Going the food truck route eliminates the location problem right off the bat, and the overall risk is much less hairy for a variety of reasons. 


“It’s a lot less overhead,” says Lemieux. “With a food truck, you need yourself and maybe one other person to run things. You don’t have the stress of trying to manage wait staff and all those different things that come with a restaurant. Your regular followers come and find you. When you pop up somewhere, they come running to you and that part is exciting for me. You watch them eat your food and it feeds your soul to know that you’re doing something good.” 

Randy Smith, owner of Pinky D’s Poutine Factory, has been in the food truck game for well over a decade now. He has taken to catering corporate events over parking his truck in a particular area in hopes that customers will come. It’s just one of many food truck strategies and for Smith, it eliminates the guess work — the fretting over whether enough people will come to his truck to justify the $60 per hour it costs to run it. 

Corporations will pay Smith to serve his goods on employee appreciation days or other staff events. Colleges will hire him to park his truck nearby to feed ravenous students at campus events. 

“We show up and we know we’re going to feed 100, 200, 500 people,” says Smith, who estimates his business has 450 corporate accounts at this point. “When you know the number, you can staff it, you can prep it, you can be ready to pull in and serve X amount of people. They’re going to pay us whether we do one meal or 500.”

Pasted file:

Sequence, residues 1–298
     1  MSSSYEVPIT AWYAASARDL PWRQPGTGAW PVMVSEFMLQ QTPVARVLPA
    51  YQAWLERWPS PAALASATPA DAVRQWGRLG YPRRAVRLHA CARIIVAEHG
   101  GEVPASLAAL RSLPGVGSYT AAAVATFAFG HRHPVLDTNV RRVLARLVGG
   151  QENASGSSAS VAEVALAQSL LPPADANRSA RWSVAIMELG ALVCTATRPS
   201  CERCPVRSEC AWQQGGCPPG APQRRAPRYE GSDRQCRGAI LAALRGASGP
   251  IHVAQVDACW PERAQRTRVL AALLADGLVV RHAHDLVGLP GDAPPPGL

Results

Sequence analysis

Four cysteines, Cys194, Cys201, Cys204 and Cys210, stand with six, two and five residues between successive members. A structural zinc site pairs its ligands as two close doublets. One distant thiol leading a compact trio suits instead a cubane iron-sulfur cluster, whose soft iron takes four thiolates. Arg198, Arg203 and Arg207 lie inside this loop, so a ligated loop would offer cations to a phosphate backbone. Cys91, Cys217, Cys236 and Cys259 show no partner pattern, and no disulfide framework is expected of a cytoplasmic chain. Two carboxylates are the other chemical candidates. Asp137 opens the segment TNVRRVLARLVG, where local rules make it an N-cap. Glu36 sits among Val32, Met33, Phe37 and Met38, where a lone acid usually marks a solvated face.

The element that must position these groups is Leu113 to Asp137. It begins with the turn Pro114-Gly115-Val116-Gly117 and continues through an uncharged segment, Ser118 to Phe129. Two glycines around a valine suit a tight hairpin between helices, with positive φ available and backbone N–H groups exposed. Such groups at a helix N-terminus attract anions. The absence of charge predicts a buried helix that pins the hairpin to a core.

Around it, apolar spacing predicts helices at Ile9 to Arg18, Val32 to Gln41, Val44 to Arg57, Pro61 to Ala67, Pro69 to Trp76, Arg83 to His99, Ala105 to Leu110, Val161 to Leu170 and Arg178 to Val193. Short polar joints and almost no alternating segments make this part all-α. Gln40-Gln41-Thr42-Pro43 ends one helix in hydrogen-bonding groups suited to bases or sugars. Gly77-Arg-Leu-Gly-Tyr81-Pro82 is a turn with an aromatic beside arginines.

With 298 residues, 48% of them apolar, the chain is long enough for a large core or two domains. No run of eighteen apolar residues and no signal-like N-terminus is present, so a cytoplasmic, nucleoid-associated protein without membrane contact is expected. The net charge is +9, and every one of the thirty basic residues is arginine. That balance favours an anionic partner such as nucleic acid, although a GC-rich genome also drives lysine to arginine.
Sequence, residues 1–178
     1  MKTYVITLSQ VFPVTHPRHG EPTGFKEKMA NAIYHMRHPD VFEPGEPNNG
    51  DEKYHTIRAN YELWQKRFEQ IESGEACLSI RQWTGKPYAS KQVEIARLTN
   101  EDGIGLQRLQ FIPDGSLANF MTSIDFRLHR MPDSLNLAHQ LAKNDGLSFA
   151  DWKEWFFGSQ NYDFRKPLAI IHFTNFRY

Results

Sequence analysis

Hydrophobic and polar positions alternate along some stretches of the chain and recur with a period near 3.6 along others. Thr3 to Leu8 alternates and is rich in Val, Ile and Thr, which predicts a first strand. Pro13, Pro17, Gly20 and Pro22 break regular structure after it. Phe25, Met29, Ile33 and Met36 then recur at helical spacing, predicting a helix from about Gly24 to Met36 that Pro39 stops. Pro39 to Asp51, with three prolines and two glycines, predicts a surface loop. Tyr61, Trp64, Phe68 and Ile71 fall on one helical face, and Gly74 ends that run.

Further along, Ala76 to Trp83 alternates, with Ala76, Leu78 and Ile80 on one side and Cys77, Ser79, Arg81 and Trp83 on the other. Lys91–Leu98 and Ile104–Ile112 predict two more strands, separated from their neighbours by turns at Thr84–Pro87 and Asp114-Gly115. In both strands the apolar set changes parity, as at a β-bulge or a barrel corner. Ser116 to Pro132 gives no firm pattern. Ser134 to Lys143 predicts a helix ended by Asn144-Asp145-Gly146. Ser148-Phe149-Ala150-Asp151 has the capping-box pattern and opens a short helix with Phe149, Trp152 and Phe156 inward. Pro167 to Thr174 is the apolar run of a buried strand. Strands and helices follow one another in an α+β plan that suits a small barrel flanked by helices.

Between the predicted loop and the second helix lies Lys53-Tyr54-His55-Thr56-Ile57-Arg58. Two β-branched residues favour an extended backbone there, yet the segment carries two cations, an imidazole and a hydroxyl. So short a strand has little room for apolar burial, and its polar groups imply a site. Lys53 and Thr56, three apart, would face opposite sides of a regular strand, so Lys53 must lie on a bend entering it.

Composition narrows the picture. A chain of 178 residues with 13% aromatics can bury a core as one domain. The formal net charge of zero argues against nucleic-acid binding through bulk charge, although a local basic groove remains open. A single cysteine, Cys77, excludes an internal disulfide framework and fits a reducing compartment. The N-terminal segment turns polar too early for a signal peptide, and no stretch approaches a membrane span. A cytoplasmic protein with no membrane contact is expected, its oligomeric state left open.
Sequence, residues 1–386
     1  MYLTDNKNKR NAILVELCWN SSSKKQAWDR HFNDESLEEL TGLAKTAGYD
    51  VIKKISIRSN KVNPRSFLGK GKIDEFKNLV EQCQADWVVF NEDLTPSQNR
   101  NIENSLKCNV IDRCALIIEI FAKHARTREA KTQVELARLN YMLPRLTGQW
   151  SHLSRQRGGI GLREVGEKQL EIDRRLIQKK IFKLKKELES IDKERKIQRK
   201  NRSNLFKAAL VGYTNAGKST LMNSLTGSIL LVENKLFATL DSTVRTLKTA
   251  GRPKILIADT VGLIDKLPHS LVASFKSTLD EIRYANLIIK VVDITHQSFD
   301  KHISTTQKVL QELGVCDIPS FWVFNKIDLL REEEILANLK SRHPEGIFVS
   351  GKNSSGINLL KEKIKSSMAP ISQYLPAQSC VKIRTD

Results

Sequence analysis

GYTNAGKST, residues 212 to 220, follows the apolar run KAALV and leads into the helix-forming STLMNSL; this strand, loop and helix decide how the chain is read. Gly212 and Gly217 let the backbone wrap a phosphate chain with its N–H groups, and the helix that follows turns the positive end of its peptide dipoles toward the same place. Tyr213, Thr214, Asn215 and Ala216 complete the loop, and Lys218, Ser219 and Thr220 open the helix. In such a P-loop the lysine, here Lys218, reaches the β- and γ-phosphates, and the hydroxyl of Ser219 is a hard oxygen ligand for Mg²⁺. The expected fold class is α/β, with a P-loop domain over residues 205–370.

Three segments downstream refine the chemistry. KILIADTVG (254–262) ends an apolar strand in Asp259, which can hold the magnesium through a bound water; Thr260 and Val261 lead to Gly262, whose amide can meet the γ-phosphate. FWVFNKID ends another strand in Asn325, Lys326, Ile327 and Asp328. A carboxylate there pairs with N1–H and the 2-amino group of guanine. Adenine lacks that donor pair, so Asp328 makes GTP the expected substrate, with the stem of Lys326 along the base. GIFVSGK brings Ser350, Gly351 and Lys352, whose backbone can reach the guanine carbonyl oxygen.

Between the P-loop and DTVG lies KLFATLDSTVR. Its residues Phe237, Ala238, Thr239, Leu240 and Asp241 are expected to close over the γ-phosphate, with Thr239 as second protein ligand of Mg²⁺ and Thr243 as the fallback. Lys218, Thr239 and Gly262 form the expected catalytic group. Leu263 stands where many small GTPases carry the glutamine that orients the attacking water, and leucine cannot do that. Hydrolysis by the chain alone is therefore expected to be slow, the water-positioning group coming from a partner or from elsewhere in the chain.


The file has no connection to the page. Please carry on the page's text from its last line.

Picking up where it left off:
The menu board at Katie Lemieux’s L/A Taco food truck. Dot Perham-Whittier photo


If you’re not too particular about definitions, the origin of the food truck can be traced back to the Roman empire, where food carts rolled across the rough gravel streets selling food to the hungry masses. The New York Times will tell you it all started in 1872 when a vendor named Walter Scott cut windows into a small covered wagon and parked it in front of a local newspaper office in Providence, R.I. 


Others will argue that the original food trucks were the chuckwagons that bounced along the prairies, whipping up chow for cowboys, loggers and prospectors during the country’s westward expansion. 

Whatever version you prefer, the history of food trucks is long, indeed, but the boom we are seeing right now is believed by many to be the result of more recent occurrences: in particular, the recession that befell the world between the years 2007 and 2009.